You can break down a large area into “sectors”, you can represent groups occupying said sectors, and still have “champions” and individuals occupying space. It works really well!

The art design and quality of the materials is excellent. I can see the argument that the art style may not be your thing – it’s kind of abstract – but I dig it and I think it’s really, really good value for the money. (If you want extremely detailed and specifically designed art, it’s going to cost you!)

Anyway, it’s really good and worth a look, especially at the price.

A review: Dungeon Fantasy (powered by GURPS)

On the surface, Dungeon Fantasy (hereafter, DF) is pretty simple:

  1. Take GURPS
  2. Remove anything not relevant to a generic fantasy milieu
  3. Remove anything that’s not, well, generic
  4. Streamline and simplify any rules you have left
  5. Bundle together a bunch of stuff into generic fantasy tropes (e.g. a “bard” class)

As they point out, the entire game is fewer words than Volume 1 of 4E. When I say “remove” or “simplify”, I mean it.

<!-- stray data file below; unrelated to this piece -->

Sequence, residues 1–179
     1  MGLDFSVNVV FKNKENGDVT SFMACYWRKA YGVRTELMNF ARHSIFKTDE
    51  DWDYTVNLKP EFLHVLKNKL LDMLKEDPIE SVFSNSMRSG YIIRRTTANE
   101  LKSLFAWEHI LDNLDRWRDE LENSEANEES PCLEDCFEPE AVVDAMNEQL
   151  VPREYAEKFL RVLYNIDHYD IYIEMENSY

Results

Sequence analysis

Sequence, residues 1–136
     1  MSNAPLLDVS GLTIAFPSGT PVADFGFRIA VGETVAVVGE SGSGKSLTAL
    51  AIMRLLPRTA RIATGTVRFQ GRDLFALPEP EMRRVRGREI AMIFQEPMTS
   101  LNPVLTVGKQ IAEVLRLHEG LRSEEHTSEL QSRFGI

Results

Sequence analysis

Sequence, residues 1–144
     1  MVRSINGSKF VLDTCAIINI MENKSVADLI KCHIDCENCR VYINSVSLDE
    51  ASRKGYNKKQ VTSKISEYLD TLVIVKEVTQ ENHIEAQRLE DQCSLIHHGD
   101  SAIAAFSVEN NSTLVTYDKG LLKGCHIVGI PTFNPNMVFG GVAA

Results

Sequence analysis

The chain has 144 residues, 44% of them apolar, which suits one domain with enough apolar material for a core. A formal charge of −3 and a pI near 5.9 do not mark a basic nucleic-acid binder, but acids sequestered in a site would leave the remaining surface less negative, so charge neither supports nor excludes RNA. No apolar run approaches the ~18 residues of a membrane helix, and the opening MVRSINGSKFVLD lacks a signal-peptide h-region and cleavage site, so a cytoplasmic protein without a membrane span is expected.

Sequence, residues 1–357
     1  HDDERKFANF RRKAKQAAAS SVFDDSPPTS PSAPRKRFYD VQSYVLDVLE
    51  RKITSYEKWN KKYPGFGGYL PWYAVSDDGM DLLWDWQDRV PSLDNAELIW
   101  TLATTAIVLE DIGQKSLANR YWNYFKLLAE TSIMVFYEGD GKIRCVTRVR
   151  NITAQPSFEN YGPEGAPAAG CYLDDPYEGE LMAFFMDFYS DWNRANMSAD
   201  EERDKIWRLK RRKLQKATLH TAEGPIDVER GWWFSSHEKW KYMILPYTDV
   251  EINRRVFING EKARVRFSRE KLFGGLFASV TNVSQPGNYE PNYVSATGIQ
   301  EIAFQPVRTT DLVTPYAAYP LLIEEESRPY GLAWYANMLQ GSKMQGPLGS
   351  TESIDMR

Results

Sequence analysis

Most of it is easily and quickly recognizable as GURPS; the edit job is very good. Anyone with a few games of GURPS under their belt will quickly and easily make sense of it all. The streamlining is also very good, so people who were intimidated by GURPS will have no trouble picking things up.

It makes you ask the question, though: who is this for?

Experienced GURPS gamers have little need for a generic rules-light fantasy game.

[Sidebar: I struggled over the term ‘rules-light’. Even in its slimmed-down form, DF has more rules than what usually passes for rules light in the latter half of 2017. That said, compared to GURPS is practically Apocalypse World, so maybe rules-light is the best descriptor.]

A very experienced GURPS group might be doing something like a big custom setting with massive customization. GURPS makes one-shots very difficult. If nothing else just telling everyone the parameters for character creation can take a ton of effort! DF takes all that and lets you do simple exploration/dungeon crawl fantasy games.

Inexperienced gamers in search of more crunch but hesitating to take the plunge into the very heavy game system of GURPS will benefit from the simpler rules, that they can later switch to if it pleases them.